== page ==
Discussing awkward moments with humor, honesty

By JASON REYNOLDS

TCN

Not many authors would have the guts to come out and write about why they should not be writing a book. But a campus minister and Internet communicator does exactly that in a new book.

Sammy Rhodes is the author of “This is Awkward: How Life’s Uncomfortable Moments Open the Door to Intimacy and Connection.” Nelson Books is the publisher of the title that hit the market last Tuesday.

In his introduction, Rhodes comes out and lists 16 reasons he should not have written the book, including, “I donawkward‘t have a decent picture to go on the back of this book. No one tells you how weird it feels to ask a photographer to take your headshot. I completely understand the people who used to think that having your picture taken steals a little part of your soul. Maybe I’ll just use the caricature I had drawn for twenty dollars in Myrtle Beach when I was in the seventh grade.”

Rhodes tackles life’s most awkward subjects with a Christian worldview but with a great deal of humor. It certainly makes for an interesting way to address pornography, divorce, body image, sexuality and depression. People’s reluctance to talk honestly about those subjects reveals a gap between what people are and what they know they should be, he argues. God loves these awkward moments, he writes, because they are where people find a connection with God and with one another. God knows our most shameful secrets and can liberate us, he writes.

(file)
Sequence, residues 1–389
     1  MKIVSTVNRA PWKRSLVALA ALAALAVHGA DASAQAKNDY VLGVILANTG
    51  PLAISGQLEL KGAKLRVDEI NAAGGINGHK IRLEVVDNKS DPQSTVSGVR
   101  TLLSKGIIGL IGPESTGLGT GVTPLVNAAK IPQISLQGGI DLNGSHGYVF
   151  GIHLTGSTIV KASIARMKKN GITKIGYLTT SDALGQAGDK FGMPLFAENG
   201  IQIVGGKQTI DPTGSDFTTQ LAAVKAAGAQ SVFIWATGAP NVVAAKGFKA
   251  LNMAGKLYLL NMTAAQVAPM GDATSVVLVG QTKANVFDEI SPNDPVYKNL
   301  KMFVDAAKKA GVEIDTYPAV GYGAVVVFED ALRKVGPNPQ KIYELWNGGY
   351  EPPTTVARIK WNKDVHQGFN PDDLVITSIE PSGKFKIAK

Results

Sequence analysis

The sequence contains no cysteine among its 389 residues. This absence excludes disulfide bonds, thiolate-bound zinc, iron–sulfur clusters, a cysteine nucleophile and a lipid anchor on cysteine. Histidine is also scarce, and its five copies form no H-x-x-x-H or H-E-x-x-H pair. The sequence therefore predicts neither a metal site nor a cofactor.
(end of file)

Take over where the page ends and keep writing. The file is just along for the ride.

Don’t believe you can write about hard subjects and keep a sense of humor? In a chapter titled “Parents Are a Gift: You Can’t Return Them,” Rhodes shares the details of how his father’s alcoholism and drug habit tore their family apart. His father left his mother and him and had a younger girlfriend.

Rhodes writes about how his counseling helped him accept his father would not be the kind of dad he hoped for. “Sometimes it takes becoming a parent to realize that your own parents are human beings. Frail. Fragile. Insecure. Wounded. The thing about being an adult is you’re never quite sure you’re doing the right thing. Multiply that by 10 when you’re a parent.

Rhodes also shares stories from his experiences as a parent and husband.

Rhodes is a campus minister with Reformed University Fellowship at the University of South Carolina. His writing has been published in Huffington Post and Christianity Today.

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